SP:  Web accessibility solutions  often result in improved technical
performance;  its impact differs from organization to organization and
by the nature and size of  the website.     Serverload is critical  for
an organization that depends heavily on  its extensive website for its
business but may not be critical for a not for profit  organization with
just a few pages of Web content which it hosts through a service
provider. Efficiency of Web content maintenance might be  important for
a news  organization whose content changes several times a day. Enabling
content on  different configurations might be important to another
[SLH: DONE, integrated your suggestions with edits to be more consistent
with  other pages.
Changed to:"Web accessibility solutions often result in improved
technical  performance. The importance of various technical benefits of
Web accessibility is  different for specific organizations and
situations. For example, reducing server  load might be most important
to an organization with a large, mission-critical,  high-traffic site;
whereas another organization that focuses on cutting-edge  technology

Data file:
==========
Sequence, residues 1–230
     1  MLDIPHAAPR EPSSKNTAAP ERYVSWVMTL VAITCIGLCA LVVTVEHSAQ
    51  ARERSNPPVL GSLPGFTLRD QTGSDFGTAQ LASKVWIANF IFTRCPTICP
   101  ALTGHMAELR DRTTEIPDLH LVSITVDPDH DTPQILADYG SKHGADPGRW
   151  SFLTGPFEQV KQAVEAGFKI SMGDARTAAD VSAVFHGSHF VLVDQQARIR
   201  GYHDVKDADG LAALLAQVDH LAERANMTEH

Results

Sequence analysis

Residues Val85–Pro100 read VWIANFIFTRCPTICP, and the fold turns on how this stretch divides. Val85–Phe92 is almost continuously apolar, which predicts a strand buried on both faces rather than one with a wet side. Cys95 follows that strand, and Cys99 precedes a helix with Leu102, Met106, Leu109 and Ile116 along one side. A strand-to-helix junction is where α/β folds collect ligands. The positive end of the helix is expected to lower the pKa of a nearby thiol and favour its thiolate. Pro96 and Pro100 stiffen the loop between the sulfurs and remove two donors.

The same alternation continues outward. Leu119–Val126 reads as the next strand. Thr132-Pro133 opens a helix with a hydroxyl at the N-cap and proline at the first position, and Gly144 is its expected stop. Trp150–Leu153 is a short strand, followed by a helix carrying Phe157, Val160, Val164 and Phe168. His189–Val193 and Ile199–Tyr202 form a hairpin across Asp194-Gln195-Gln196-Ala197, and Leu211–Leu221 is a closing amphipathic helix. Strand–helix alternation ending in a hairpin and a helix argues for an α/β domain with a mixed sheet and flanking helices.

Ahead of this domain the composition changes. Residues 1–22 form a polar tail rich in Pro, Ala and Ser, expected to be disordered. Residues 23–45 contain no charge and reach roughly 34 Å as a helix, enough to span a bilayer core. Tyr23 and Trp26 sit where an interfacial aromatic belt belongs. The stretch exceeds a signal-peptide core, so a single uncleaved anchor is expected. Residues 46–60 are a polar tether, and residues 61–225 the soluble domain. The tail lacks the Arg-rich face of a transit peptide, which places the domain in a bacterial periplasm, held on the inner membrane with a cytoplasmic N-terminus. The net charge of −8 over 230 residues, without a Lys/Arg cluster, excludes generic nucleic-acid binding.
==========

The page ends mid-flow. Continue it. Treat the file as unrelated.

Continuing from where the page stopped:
might be more interested in interoperability and being prepared for
advanced Web technologies. Yet these same technical benefits might not
be very  important for organizations with small, simple sites."
(Previous version was: "The technical performance benefits related to
Web  accessibility vary according to the type of organization and type
of Web site. For  example, an organization with very limited personnel
resources might be more  interested in reducing site development and
maintenance time, while another  organization that focuses on
cutting-edge technology might be more interested in  interoperability
and being prepared for advanced Web technologies.")]

Editorial: (only one so please pardon its inclusion here)
[SLH: no problem! <grin/>]
1. This word needs to be corrected in many places throughout the suite:
[SLH: DONE. thanks]
Received on Tuesday, 13 April 2004 22:30:44 UTC